In the meantime, life continues as usual, classes, singing, cousins from Mexico and meeting friends. The Mexican cousins have been a joy, their thirst for learning is so refreshing, they have toured and left no stone unturned, ending up with us on Wednesday evening at a bustling restaurant on Jaffa Street in Jerusalem called HaMotzi, which is part of the blessing we say on bread. The restaurant was fun, noisy as hundreds of diners enjoyed their very Jerusalem food, accompanied by pitas freshly baked in the Tamboon, that fiery rounded oven. We sat and as we ate, we spoke about everything they had seen from the Golan Heights to the Galilee and the enormous difference between hedonist Tel Aviv and spiritual, historic Jerusalem. Sandra, Moi and Jonathan are rare tourists who absorb the country and its delights and troubles. Moi has only been to Israel twice, once about 10 years ago and now, and he was fascinated by everything he saw, understanding the bitter sweet of our past but impressed by the determination to enjoy life to the full. Ater eating our fill we walked up the road to Mahane Yehuda Market. After the “bastot” the market stands, are closed, the shutters come down to reveal the graffiti of famous local faces, and the chairs and tables come out as the market becomes one big pub, with food, and the narrow streets fill with young and old alike, dancing to the music, eating and drinking. We wove our way through the happy throngs, Zvi stopping in delight as he saw a stand with perfectly formed guavas, his favourite fruit! To understand the vibrancy of nighttime Mahane Yehuda this 16 second video will help you to understand that Jerusalem is great fun! https://www.youtube.com/watch?v=SkvzuPXUWGE&t=16s
Yesterday Rachel and I had the joy of spending time with one of our favourite people in the whole wide world. She gained the nickname Poodle while at Carmel College and Poodle she has stayed. A wonderful true friend to my Daniel z”l she has remained a true friend to us too. A rare beautiful character she brings light wherever she goes.
That’s it dear friends. I won’t be writing next week because Zvi and I are going away so I will wish you a Gmar hatima Tova or as we used to say “Well over the fast”. Remember it is isn’t about not eating, it’s all about being so deeply involved in your prayers that you have no need to eat, even though I must admit that as the day progresses, I find myself counting the remaining pages!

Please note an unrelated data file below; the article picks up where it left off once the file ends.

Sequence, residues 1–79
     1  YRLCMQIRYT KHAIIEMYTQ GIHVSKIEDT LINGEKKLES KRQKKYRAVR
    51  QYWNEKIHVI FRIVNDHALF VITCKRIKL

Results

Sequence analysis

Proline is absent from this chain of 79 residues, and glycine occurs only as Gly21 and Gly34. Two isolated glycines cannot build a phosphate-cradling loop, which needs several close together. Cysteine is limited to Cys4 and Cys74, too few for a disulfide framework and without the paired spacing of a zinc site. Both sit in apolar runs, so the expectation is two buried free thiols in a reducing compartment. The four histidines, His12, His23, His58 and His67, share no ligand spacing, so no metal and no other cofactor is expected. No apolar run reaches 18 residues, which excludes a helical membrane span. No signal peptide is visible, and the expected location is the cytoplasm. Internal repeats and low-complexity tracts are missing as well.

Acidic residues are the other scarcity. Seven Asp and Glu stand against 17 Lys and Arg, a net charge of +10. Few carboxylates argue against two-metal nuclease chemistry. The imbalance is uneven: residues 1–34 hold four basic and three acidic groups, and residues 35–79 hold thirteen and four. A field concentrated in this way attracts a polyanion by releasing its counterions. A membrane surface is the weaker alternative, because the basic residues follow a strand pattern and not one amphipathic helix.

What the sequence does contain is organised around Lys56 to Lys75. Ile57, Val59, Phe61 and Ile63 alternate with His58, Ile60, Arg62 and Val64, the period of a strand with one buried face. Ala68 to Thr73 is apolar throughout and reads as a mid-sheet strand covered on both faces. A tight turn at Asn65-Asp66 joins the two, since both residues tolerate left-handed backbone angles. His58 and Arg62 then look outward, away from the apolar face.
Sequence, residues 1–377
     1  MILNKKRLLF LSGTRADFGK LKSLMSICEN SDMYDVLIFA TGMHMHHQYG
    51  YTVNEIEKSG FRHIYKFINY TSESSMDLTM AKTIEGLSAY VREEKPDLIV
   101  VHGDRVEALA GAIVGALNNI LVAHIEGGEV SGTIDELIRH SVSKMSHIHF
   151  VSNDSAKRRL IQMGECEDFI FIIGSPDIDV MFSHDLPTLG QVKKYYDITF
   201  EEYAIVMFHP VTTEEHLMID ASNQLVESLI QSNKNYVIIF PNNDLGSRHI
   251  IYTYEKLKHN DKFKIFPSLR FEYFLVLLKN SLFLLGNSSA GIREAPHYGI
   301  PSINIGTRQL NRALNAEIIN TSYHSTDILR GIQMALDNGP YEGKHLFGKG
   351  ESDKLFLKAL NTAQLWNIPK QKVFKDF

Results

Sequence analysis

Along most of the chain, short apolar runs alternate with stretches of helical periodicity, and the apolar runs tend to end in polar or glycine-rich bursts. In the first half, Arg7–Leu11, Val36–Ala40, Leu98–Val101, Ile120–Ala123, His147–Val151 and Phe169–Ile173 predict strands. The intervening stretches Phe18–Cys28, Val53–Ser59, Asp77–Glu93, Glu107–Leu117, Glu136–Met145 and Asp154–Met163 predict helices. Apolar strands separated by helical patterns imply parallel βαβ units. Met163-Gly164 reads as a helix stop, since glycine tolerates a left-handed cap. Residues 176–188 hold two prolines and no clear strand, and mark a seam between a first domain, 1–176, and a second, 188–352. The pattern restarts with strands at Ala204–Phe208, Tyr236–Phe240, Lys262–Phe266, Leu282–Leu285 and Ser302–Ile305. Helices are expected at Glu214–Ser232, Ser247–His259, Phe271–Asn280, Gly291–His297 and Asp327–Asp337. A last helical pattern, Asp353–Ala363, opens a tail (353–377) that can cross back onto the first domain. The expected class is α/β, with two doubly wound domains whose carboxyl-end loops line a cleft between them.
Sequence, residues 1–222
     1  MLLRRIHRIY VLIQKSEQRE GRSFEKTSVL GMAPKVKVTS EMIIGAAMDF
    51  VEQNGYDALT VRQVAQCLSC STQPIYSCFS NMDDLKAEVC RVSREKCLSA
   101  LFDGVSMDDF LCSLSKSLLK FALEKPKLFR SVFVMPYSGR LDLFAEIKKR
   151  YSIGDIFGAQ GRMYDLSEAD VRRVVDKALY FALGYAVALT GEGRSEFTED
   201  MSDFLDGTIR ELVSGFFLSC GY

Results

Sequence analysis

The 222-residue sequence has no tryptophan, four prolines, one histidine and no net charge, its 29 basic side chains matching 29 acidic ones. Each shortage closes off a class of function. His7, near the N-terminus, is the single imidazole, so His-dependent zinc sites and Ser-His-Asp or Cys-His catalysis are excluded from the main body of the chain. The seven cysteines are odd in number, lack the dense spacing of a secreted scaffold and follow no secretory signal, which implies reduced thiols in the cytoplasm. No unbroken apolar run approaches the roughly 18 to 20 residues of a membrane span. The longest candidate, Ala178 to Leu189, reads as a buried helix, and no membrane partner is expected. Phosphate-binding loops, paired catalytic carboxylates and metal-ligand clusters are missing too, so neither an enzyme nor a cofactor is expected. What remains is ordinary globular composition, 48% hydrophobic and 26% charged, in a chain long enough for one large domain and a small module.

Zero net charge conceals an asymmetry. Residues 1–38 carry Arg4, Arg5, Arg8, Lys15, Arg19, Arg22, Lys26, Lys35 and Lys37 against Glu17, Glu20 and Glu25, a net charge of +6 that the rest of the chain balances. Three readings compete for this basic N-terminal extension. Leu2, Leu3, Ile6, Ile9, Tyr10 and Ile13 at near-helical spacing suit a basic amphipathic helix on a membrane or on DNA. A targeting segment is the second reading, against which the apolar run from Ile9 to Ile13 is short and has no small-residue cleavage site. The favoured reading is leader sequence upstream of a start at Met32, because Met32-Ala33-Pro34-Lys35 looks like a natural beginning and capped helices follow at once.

In the space of just over a week we go from the solemnity of Kippur to the joy of ending the cyclical reading of the Torah to return to the beginning again. The proximity of the sadness and joy is typical of Jewish life throughout the centuries, the millennia, and we express it though our music, as the song says, from major to minor. We leave the sadness of Moses standing on Mount Nebo, unable to enter the Promised Land to the joy of the very Genesis of our world.
The eve of Yom Kippur begins with the prayer Kol Nidre. Cantor Natanel Hershtik has the voice of an angel. His father was the Cantor of the Jerusalem Great Synagogue and Natanel proudly follows in his footsteps, albeit in the USA. Not only does he have a beautiful voice but when we met I was charmed by his sweet personality and gorgeous smile upon seeing his parents at the concert. The prayer was first sung in 1565 and is still the entry to a day of atonement. https://youtu.be/Qj5rouyKZ9Y?si=8bELVrjY0Q1qcr0Y
Avinu Malkeinu, Our Father, Our King, is sung in the Yom Kippur service, speaking of the need for charity and kindness in our lives, our world, which is what will save humanity. Rather than giving you another Cantor here a beautiful couple known as Yonina sing https://youtu.be/mZotLSlGUgY?si=6_J2s-C7VA1tCr9k
As a direct result of the Yom Kippur War Naomi Shemer wrote this beautiful song. Despite rumours to the contrary, it is not a translation of the Beatles Let It Be, but the words rang true for her, that all we pray for will come to fruition. Lu Yehi, Let I be. Here sung by Chava Alberstein. https://youtu.be/mZotLSlGUgY?si=6_J2s-C7VA1tCr9k
I wish you a Shabbat Shalom and remember on Yom Kippur, as you spend time in contemplation, that vengeance and resentment should be forgotten. You don’t have to like everyone, indeed you can be totally against what they do, how they act, but holding it in destroys you and all around you. Teach your children to be too busy in self improvement to see the faults in others. A little bit of love goes a very long way and a smile changes lives.
Be well, with love from Jerusalem where it all starts.